KDevelop uses templates for generating source code files and to avoid writing repeatable code.
The most common use for code generation is probably writing new classes. To create a new class in an existing project, right click on a project folder and choose Create from Template. The same dialog can be started from the menu by clicking → , but using a project folder has the benefit of setting a base URL for the output files. Choose
Class in the category selection view, and the desired language and template in the other two views. After you have selected a class template, you will have to specify the details of the new class.
First you have to specify an identifier for the new class. This can be a simple name (like
Bus) or a complete identifier with namespaces (like
Transportation::Bus). In the latter case, KDevelop will parse the identifier and correctly separate the namespaces from the actual name. On the same page, you can add base classes for the new class. You may notice that some templates choose a base class on their own, you are free to remove it and/or add other bases. You should write the full inheritance statement here, which is language-dependent, such as
public QObject for C++,
extends SomeClass for PHP or simply the name of the class for Python.
In the next page, you are offered a selection of virtual methods from all inherited classes, as well as some default constructors, destructors and operators. Checking the check box next to a method signature will implement this method in the new class.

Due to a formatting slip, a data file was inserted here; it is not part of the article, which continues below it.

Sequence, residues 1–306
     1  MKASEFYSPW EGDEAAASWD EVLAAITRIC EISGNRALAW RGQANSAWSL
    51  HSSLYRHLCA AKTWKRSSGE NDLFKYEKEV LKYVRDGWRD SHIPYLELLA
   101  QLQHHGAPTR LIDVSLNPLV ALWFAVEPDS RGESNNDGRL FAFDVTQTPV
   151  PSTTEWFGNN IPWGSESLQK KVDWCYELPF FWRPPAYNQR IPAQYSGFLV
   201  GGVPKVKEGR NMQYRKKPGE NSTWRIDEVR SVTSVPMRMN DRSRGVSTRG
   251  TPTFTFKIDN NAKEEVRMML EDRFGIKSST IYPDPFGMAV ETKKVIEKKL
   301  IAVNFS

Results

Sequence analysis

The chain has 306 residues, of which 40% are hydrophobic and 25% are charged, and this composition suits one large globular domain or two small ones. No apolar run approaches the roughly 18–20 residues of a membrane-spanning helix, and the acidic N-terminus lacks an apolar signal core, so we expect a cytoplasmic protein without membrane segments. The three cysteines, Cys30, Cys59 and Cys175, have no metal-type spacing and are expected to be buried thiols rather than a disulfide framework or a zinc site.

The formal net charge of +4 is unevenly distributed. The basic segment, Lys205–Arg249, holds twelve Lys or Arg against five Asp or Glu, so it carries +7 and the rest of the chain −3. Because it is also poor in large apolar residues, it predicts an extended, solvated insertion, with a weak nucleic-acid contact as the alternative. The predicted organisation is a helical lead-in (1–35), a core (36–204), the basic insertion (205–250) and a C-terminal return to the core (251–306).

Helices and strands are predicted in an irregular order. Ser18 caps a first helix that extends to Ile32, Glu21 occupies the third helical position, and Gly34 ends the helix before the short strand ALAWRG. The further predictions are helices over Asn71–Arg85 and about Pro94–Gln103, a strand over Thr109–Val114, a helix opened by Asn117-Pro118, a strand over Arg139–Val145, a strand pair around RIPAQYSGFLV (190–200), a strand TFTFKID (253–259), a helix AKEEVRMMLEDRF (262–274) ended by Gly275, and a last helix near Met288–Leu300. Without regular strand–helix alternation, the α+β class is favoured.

Clicking Next brings up a page where you can add members to a class. Depending on the selected template, these may appear in the new class as member variables, or the template may create properties with setters and getters for them. In a language where variable types have to be declared, such as C++, you have to specify both the type and the name of the member, such as
int number or
QString name. In other languages, you may leave out the type, but it is good practice to enter it anyway, because the selected template could still make some use of it.
In the following pages, you can choose a license for you new class, set any custom options required by the selected template, and configure output locations for all the generated files. By clicking Finish, you complete the assistant and create the new class. The generated files will be opened in the editor, so you can start adding code right away.
After creating a new C++ class, you will be given an option of adding the class to a project target. Choose a target from the dialog page, or dismiss the page and add the files to a target manually.
If you chose the
Qt Object template, checked some of the default methods, and added two member variables, the output should look like on the following picture.
You can see that data members are converted into Qt properties, with accessor functions and the Q_PROPERTY macros. Arguments to setter functions are even passed by const-reference, where appropriate. Additionally, a private class is declared, and a private pointer created with Q_DECLARE_PRIVATE. All this is done by the template, choosing a different template in the first step could completely change the output.